Posted August 18, 2014 by Jeff in CLE

Christopher Barzak Book gets an Afterlife on Film

Jamie Marks Is Dead
Jamie Marks Is Dead

In 2007, writer Christopher Barzak won the Crawford Award for his debut novel, One for Sorrow, the coming-of-age story of a teen who sees the ghost of a dead schoolmate. The book was turned into a film, Jamie Marks Is Dead, which debuted earlier this year at the Sundance Film Festival. Barzak, who holds an MFA in Creative Writing from Pittsburgh’s Chatham University, teaches fiction writing at Youngstown State University, in Youngstown, Ohio. He called us from his home to talk about the adaptation of the novel.

Talk about what inspired the concept for the novel.
It’s been awhile. I wrote it when I was 27 and 28 years old. I just turned 39. It was written a decade ago and published in 2007. One of the things I wanted to do was set a novel in the Mahoning Valley, in and around Youngstown. Growing up, I read to investigate other places that I couldn’t get to. I realized that I never came across a book that was set here. I was also interested in investigating what adolescents are facing in a region where there has been a lot of economic loss and not much opportunity. When you’re going through a time that is difficult no matter where you are, you can have these added pressures of figuring out a life for yourself when there aren’t a lot of options. I also was interested in dealing with personal fears I had from when I was a kid and come to grips with the idea that we all die.

Is the film set in Youngstown?
[Director Carter Smith] filmed it in an upstate New York town called Monticello. I think some of it also was shot in the neighboring town of Liberty. One is a rural township and the other is an old paper mill town that’s lost all its industry. He was dealing with the same kind of landscape. I did a set visit and it was reminiscent of this area so it has the look and feel of the book. The only people who will look at it and say it’s not Youngstown are people from Youngstown.

Does the film follow the novel closely?
It does. There are certain things that have been changed but that’s par for the course. The novel is 320 pages long and the script is 120. They can’t import absolutely everything. There are minor characters who were cut. In the movie, the mother is a single mother but in the book, it’s a mother and a father. In the book, dad is a down-and-out alcoholic who is constantly losing work. They dropped him from the script and wanted to enhance the mother’s desperate situation. There are elements that didn’t make it into the film and one of them is why the title has been changed. There’s a rhyme that Adam’s grandmother taught him as a kid. It’s a way to count crows and it starts with “one for sorrow.” It’s this perspective that she taught him and it enables him to interact with things that other people can’t see. Since they didn’t keep the grandmother and this mythology about seeing unseen things, the title no longer made sense.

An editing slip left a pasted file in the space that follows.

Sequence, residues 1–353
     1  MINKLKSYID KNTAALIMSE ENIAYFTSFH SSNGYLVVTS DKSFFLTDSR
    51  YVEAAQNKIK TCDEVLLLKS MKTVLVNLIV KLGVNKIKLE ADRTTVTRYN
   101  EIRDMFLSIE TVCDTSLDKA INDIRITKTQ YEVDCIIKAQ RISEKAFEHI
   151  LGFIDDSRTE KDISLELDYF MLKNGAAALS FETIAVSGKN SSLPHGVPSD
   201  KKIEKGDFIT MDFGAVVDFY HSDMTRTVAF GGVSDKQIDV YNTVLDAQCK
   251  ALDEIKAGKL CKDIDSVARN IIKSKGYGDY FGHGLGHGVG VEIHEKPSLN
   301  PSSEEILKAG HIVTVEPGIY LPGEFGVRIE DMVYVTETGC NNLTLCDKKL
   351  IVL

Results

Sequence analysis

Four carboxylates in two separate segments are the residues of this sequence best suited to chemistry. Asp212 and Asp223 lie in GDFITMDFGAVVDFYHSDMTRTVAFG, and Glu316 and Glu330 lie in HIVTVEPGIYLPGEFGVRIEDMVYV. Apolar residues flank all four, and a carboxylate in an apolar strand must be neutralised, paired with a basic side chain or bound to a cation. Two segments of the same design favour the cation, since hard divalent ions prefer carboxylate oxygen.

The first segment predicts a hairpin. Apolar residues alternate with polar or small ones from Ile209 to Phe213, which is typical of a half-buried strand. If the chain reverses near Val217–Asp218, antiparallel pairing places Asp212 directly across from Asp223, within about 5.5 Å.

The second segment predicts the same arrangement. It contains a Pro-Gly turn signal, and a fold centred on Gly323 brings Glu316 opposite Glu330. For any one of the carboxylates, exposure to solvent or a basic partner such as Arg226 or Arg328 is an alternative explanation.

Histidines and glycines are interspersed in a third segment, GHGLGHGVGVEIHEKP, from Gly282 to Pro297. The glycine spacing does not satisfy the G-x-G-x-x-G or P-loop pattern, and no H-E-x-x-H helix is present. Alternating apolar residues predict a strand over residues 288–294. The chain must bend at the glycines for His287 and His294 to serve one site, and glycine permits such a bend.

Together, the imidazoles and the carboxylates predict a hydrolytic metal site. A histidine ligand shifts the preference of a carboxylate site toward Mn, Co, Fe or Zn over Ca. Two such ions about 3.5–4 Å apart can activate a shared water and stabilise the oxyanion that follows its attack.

Did the director consult with you on the film?
I didn’t consult with him when he was writing the initial script. He showed me a draft at one point and wondered what I thought. Later, he emailed me some questions that producers had about various aspects of the script and asked what I thought. He was looking for my insight into characters’ motivations.

How’d he come across the book?
He found it in a bookstore and read it on a flight. He was around 80 to 100 pages in when he thought it would make a great film. He fell in love with the characters and the setting. He first optioned it in the spring of 2008. It’s been a long haul. They bought the rights at the end of 2012.

Cameron Monaghan plays the central character, Adam. Talk about his performance.
I was really pleased. When I was first found out that’s who was cast, there was some cognitive dissonance. I had never imagined Adam as a redhead. I started watching the show Shameless and Carter sent me videos of his audition. I thought he was perfect. He captures a character who is both rough around the edges and vulnerable. That’s a hard mix to play.

He’s astounding at capturing a tender underside masked by a tougher exterior.

At first, I thought the film would act like a commentary on bullying. It ultimately shifts its focus a bit. Does the story have an anti-bullying message?
I don’t think it has a message. Some of the idea of it being a bullying awareness movie is there but not in a message format. It’s there to be observed if you want to observe but it’s not a hammer over the head. I think that some of the people who have spoken about it in that way are seeing that from a personal point of view. It’s not necessarily the point of the story. You see early on that the kid was mistreated by others. His presence only becomes active when he is dead or an absence. It’s an implied kind of thing that is there for anyone who wants to see it.

You’re hosting a Q&A session about the movie. Is that something new for you?
I’m used to do doing interviews about my writing, but not about a film based on my book. It will be different. I have some insight into the director’s perspective from our conversations but ultimately the film is its own entity. [Carter Smith] worked hard to capture the essence of the main story and the relationship between the three kids and the conflict that was there but it’s its own thing in the end.





Jeff started writing about rock ’n’ roll some 20 years ago when he stood in the pouring rain to hitch hike his way to see R.E.M. on their Life’s Rich Pageant tour. Since that time, he's written for various daily newspapers, alt-weeklies, magazines and websites. Feel free to comment on his posts or suggest music, film and art to him at [email protected].